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Functional protein network activation mapping reveals new potential molecular drug targets for poor prognosis pediatric BCP-ALL.

Accordi B, Espina V, Giordan M, VanMeter A, Milani G, Galla L, Ruzzene M, Sciro M, Trentin L, De Maria R, te Kronnie G, Petricoin E, Liotta L, Basso G - PLoS ONE (2010)

Bottom Line: Further we also found an association between high levels of CYCLIN E and relapse incidence.Moreover, CYCLIN E is more expressed in early relapsed patients, who usually show an unfavourable prognosis.We conclude that functional protein pathway activation mapping revealed specific deranged signalling networks in BCP-ALL that could be potentially modulated to produce a better clinical outcome for patients resistant to standard-of-care therapies.

View Article: PubMed Central - PubMed

Affiliation: Oncohematology Laboratory, Department of Pediatrics, University of Padova, Padova, Italy. benedetta.accordi@unipd.it

ABSTRACT

Background: In spite of leukemia therapy improvements obtained over the last decades, therapy is not yet effective in all cases. Current approaches in Acute Lymphoblastic Leukemia (ALL) research focus on identifying new molecular targets to improve outcome for patients with a dismal prognosis. In this light phosphoproteomics seems to hold great promise for the identification of proteins suitable for targeted therapy.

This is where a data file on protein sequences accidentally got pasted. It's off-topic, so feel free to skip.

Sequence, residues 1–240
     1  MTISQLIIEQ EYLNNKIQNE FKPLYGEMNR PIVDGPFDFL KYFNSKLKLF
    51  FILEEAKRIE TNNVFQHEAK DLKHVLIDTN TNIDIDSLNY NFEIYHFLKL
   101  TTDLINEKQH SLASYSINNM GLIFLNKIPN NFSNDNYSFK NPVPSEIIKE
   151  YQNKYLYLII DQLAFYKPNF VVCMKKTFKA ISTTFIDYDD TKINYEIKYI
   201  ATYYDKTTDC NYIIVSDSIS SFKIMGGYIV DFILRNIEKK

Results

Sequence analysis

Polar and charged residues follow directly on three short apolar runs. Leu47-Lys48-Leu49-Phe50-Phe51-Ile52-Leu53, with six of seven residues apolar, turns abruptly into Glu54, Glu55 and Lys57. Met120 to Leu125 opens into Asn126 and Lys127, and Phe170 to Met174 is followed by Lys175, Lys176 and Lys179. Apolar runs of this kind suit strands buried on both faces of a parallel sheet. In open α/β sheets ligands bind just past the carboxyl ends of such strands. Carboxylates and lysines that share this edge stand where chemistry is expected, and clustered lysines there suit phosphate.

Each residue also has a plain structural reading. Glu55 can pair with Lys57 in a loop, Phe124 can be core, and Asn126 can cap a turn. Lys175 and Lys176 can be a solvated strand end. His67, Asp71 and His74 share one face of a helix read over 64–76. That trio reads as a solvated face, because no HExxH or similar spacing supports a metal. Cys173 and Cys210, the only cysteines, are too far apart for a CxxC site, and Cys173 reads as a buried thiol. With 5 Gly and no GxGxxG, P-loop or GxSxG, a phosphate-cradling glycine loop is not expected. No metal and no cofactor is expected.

Methodology/principal findings: We employed Reverse Phase Protein Microarrays to identify aberrantly activated proteins in 118 pediatric B-cell precursor (BCP)-ALL patients. Signal transduction pathways were assayed for activation/expression status of 92 key signalling proteins. We observed an increased activation/expression of several pathways involved in cell proliferation in poor clinical prognosis patients. MLL-rearranged tumours revealed BCL-2 hyperphosphorylation through AMPK activation, which indicates that AMPK could provide a functional role in inhibiting apoptosis in MLL-rearranged patients, and could be considered as a new potential therapeutic target. Second, in patients with poor clinical response to prednisone we observed the up-modulation of LCK activity with respect to patients with good response. This tyrosine-kinase can be down-modulated with clinically used inhibitors, thus modulating LCK activity could be considered for further studies as a new additional therapy for prednisone-resistant patients. Further we also found an association between high levels of CYCLIN E and relapse incidence. Moreover, CYCLIN E is more expressed in early relapsed patients, who usually show an unfavourable prognosis.

Conclusions/significance: We conclude that functional protein pathway activation mapping revealed specific deranged signalling networks in BCP-ALL that could be potentially modulated to produce a better clinical outcome for patients resistant to standard-of-care therapies.

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Related in: MedlinePlus